Why is 2008 starting to feel like déjà vu? So far, New Year's on Wall Street has done little to douse last year's smoldering recessionary sentiment, and next week's earnings news, economic data and Federal Reserve speakers are likely to fan the flames. The new year began with a slew of economic data that, for many economists, pointed to recession. Telltale signs included a contracting manufacturing sector and a dramatic jump in unemployment. But the weakness also pushed open the door for the Fed to continue lowering interest rates -- a path that market participants thought might have been abandoned when oil prices hit $100 per barrel last week. "The risk of recession is rising sharply," writes Nigel Gault, U.S. economist at Global Insight. "At least a 25-basis-point rate cut by the Fed on Jan. 30 is a cast-iron certainty, and a 50 basis point move is now a strong possibility," he continues. Friday's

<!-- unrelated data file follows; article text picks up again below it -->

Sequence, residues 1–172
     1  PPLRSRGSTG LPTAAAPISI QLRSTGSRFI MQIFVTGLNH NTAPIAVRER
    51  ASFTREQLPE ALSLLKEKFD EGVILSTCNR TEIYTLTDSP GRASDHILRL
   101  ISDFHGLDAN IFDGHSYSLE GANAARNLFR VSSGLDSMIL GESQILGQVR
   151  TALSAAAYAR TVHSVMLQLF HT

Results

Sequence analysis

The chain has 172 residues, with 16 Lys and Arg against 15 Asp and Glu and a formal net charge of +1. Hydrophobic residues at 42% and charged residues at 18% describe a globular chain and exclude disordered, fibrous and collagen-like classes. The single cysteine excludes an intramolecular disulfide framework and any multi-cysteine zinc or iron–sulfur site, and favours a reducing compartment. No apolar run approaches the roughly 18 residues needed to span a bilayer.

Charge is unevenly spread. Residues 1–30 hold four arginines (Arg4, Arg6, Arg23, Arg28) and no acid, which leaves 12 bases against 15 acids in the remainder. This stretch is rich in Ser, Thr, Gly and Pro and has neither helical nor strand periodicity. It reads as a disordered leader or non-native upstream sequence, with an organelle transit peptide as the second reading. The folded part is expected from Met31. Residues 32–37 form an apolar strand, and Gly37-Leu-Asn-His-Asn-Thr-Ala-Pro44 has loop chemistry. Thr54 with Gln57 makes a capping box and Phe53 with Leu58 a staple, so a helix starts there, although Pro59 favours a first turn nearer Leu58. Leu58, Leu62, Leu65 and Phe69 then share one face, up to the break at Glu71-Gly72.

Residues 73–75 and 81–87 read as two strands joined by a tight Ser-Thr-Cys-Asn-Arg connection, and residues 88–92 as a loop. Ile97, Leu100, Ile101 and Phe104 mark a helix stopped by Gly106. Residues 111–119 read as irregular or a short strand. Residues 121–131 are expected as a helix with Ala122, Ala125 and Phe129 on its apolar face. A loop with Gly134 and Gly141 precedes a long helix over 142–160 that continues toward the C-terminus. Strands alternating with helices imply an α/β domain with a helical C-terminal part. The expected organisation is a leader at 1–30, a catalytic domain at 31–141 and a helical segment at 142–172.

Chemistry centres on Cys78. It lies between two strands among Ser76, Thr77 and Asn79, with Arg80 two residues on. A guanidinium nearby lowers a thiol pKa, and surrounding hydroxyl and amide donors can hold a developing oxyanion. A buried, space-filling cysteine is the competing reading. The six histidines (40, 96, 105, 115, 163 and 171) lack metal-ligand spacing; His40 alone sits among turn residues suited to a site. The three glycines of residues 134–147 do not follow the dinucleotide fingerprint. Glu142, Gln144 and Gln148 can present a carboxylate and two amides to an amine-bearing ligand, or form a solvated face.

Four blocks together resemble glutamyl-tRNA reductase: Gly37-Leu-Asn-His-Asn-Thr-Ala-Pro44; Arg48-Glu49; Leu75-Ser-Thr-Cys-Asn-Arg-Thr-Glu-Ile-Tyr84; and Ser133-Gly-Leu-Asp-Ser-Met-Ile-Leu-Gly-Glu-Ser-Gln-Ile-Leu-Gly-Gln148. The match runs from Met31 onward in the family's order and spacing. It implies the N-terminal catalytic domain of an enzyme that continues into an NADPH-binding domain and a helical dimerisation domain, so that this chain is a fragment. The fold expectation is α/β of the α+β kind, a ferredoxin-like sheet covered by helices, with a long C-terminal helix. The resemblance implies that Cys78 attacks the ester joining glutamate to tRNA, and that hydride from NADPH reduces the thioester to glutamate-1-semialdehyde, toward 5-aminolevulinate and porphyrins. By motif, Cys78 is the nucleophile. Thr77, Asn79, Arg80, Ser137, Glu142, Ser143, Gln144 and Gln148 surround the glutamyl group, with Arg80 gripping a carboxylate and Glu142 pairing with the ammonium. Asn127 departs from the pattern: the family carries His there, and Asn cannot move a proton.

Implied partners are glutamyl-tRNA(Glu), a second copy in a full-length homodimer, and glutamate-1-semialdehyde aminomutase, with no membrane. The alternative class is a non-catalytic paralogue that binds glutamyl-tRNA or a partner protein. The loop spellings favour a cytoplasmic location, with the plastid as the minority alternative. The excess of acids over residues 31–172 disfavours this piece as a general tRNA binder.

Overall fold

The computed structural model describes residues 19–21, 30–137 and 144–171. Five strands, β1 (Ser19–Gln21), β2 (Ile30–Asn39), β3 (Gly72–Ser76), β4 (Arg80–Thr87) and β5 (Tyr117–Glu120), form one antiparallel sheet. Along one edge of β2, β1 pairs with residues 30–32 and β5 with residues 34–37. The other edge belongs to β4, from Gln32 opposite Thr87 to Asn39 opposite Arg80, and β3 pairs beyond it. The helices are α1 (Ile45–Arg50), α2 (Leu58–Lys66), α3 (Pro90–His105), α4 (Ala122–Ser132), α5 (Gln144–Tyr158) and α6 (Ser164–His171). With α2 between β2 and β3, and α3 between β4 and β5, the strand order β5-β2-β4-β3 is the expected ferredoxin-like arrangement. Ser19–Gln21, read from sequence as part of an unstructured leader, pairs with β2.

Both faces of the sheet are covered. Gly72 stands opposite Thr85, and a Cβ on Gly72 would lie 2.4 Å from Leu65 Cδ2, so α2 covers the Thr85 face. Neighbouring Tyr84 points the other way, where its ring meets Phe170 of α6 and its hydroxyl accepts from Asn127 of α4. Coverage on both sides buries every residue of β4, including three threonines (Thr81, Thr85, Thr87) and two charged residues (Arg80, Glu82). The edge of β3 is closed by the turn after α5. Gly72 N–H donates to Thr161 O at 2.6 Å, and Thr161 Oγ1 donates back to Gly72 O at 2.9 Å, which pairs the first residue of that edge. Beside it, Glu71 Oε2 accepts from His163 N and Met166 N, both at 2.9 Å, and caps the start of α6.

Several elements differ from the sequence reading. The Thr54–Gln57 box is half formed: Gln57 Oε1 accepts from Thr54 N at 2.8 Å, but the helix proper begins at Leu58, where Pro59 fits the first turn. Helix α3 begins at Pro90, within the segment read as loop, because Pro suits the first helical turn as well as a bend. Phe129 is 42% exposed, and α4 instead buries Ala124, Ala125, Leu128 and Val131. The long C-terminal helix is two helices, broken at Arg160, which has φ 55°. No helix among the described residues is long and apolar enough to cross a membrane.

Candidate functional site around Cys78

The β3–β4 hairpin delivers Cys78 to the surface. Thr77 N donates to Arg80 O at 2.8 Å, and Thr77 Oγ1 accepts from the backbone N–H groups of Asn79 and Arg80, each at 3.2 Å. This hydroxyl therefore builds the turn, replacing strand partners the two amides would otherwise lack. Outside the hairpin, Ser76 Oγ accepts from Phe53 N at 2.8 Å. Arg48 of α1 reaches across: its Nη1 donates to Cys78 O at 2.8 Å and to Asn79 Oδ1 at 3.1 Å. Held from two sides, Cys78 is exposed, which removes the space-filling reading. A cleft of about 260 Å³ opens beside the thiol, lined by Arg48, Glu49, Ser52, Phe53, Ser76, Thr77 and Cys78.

report of less-than-robust nonfarm payrolls appeared to embolden recession forecasters. The Labor report indicated that the credit crunch had taken hold in the labor market. Just 18,000 new jobs were added in December, while private sector employment declined by 13,000 jobs -- the first such decline since 2003. The unemployment rate also jumped to 5% from 4.7%, its largest leap in one month since the 2001 recession, according to Global Insight. On the heels of the jobs news, the market appeared to bake in additional fed funds rate cuts. The odds of a 50-basis-point cut at the January Fed meeting jumped to 64%, from 34% on Thursday, according to Miller Tabak. The Fed's vice chairman, Donald Kohn, spoke on Friday but refrained from commenting on the economy or the outlook for interest rates. But in the coming days, other Fed officials may offer more substantial guidance. Next week, U.S. Treasury Secretary Henry Paulson speaks Monday with Atlanta Fed President Dennis Lockhart, while Philadelphia Fed President Charles Plosser and Boston Fed President Eric Rosengren speak on Wednesday. Rosengren dissented at the Dec. 11 meeting, favoring a 50-basis-point rate cut rather than the 25-basis-point cut the Fed enacted. Fed Chairman Ben Bernanke takes the stage Thursday. Next week's economic data will perhaps be less explosive than last week's. Key reports include Tuesday's pending home sales, and the trade balance, due Friday. But recession harbingers and rumors of further Wall Street layoffs will likely linger as earnings season begins in earnest next week. Any profits are unlikely to resuscitate economic hopes. Alcoa ( AA) kicks things off Tuesday with its fourth-quarter earnings report after the closing bell. The aluminum producer is actually quite a drag on earnings estimates for the materials sector, which is expected to mark an 8% decline for the fourth quarter, according to Thomson Financial . The weakest earnings this quarter come from the financial sector, which analysts believe will see aggregate profits decline a whopping 66% in the quarter. The S&P 500 companies overall are expected to turn in a second consecutive quarter of declining earnings, logging a 9.5% drop, says Thomson analyst John Butters. Third-quarter earnings fell 4.5% from the same period in the prior year. Thursday brings the kickoff of bank earnings, with Buffalo-based regional M&T Bank ( MTB) announcing its fourth-quarter results. The larger banks' earnings begin the following week, however, where warnings are already looming from at least 16 banks , including Wells Fargo ( WFC) and Washington Mutual ( WM).